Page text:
Whose girl are you?

Îles de la Madeleine, cars

With friends, the other day, at the café.

- Really girls? You think we do things differently here?
The look on their faces... After talking about it some more, here's a sample of what our daily habits look like.

1- Cars stopped in the middle of the road

Two cars stopped in the middle of the road, the drivers having a chat. Even now, in the era of cell phones. But don't fret, that's not the kind of thing we do on the 199 - the main road - but rather on the side roads and service roads. If you come across the spectacle while in a bit of a rush, keep an eye out for the details: if they only mean to exchange a few words, the drivers will stop in the middle of the road and block it entirely; if the story requires some in-depth conversation, they'll slightly pull over, leaving you just enough space to go through. Every time I see it, time stands still...

2- Whose girl are you?

To ask for the names of one's father and mother is only natural and is part of the archipelago's customs and greetings. The information gives a geographical sense of the person, of who their family is or was, of exactly where they are from. Let's mention that the newcomers often get an updated version of the question, something like "Are you from the Islands?" Many Islanders also get to answer it, being mistaken for someone "from the outside." For the male version, we go with mousse, an old French word for ship's boy.

3- Greetings on the road

While driving, we say hi! A nod, a wave, some form of acknowledgment. If you don't, sooner or later, you'll get asked why. A friend once phoned someone to apologize for recognizing them too late to wave hello.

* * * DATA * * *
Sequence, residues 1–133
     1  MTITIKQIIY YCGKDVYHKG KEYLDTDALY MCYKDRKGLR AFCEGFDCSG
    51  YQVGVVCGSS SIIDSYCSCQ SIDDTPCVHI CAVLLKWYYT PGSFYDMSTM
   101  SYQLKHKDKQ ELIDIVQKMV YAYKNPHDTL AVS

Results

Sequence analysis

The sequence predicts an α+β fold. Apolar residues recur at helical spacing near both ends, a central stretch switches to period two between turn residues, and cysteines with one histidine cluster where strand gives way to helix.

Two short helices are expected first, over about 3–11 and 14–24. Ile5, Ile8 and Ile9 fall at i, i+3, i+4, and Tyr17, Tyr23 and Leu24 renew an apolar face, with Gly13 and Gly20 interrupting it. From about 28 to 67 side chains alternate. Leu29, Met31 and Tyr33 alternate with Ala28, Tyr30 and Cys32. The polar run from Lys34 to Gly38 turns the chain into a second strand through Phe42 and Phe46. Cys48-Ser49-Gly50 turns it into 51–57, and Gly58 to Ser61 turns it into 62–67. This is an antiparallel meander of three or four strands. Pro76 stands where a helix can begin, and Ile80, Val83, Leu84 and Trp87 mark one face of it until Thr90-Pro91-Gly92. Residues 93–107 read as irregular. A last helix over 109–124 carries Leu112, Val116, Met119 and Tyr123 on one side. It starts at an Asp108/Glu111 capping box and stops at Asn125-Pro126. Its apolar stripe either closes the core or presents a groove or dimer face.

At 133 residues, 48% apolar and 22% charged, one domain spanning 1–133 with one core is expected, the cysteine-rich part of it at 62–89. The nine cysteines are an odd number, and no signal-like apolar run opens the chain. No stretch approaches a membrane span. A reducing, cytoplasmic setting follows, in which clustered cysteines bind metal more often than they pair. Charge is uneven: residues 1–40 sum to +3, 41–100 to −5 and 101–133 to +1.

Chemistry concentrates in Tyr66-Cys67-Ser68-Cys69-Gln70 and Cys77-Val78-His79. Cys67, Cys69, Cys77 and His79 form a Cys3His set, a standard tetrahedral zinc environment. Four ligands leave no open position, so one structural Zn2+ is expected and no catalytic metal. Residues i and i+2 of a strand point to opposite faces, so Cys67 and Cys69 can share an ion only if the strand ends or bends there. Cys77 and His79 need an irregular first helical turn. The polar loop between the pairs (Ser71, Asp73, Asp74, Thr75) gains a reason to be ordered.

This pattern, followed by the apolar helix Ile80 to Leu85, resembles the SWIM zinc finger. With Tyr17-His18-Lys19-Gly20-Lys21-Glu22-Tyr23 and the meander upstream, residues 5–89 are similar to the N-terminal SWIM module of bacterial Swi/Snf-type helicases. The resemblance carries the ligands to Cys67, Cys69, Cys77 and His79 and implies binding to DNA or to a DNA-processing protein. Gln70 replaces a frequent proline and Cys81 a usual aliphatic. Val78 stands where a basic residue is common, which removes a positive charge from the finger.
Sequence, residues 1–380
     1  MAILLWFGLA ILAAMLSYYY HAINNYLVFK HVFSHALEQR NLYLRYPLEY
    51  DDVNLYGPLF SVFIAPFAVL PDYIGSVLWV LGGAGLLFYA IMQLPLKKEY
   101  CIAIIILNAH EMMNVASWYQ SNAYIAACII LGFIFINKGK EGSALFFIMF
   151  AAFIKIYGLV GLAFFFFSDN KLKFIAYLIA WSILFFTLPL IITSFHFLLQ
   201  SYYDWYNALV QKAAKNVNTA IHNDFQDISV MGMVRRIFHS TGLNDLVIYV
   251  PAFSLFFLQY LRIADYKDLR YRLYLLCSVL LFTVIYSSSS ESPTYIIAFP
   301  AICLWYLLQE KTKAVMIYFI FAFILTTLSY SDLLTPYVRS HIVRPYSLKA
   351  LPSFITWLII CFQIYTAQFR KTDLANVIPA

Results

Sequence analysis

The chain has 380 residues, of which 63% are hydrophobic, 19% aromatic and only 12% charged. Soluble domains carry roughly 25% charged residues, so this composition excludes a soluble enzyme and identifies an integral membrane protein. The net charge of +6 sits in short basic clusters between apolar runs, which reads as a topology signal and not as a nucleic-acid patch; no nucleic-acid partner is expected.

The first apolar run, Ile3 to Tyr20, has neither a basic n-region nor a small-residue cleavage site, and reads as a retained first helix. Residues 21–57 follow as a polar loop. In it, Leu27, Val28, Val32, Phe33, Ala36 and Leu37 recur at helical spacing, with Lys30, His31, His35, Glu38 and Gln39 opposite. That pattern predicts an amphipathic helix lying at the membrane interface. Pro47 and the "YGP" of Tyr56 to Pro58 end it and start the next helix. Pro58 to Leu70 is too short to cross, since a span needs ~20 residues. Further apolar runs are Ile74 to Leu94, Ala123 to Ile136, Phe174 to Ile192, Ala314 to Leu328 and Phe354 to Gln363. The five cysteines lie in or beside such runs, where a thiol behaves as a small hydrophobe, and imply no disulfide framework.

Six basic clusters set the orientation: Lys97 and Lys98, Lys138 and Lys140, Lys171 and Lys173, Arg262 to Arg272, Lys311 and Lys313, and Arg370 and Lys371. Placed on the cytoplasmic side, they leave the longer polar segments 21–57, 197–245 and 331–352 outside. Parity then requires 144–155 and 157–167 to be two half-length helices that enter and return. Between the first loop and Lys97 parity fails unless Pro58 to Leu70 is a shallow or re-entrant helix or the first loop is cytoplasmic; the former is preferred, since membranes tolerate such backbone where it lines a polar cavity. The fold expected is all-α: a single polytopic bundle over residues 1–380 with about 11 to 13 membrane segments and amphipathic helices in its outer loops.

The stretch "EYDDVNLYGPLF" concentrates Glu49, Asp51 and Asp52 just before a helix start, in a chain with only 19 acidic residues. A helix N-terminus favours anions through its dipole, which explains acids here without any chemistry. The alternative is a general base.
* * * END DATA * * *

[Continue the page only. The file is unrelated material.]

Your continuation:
4- The doors

A conversation between two elderly ladies, overheard at the store:
- You still live in your house?
- Yes.
- Alone?
- Yes.
- Good on you.
- After my husband passed, I asked one thing to my kids, if they could replace the handle on the front door.
- It was broken?
- No, it couldn't be locked... it never did.
We see it less often nowadays, but many of us still share this persistent habit.

5- You should come by!

Instead of saying goodbye, some people leave you with a "You should come by!" Sometimes I think that if everyone I invited to "come by" decided to show up at the same time, I'd have to start locking my doors! Ha!

6- The grocery store

Some say that it takes us longer to go grocery shopping here, because we talk so much. A friend who's lived here for a couple of years told me that the day people started to chat her up at the grocery store is the day she fully felt as part of the community.

7- A bit of chivalry

Holding the door firmly for whoever's following, and making sure that they have a good grip on it before letting it go... seen as a courteous gesture elsewhere, this everyday act is a bare minimum of politeness for the Madelinots. A nice thought that is more than welcomed when living in such a windy decor!

 

Îles de la Madeleine, door

 

And you, what habits have you noticed?

Par Suzanne Richard

Suzanne Richard is an author, a speaker and a musician. She published a collection of short stories entitled La mer, trois kilomètres à gauche. Her conference — Les mots et la mer — is about maritime words and expressions commonly used in the French language.

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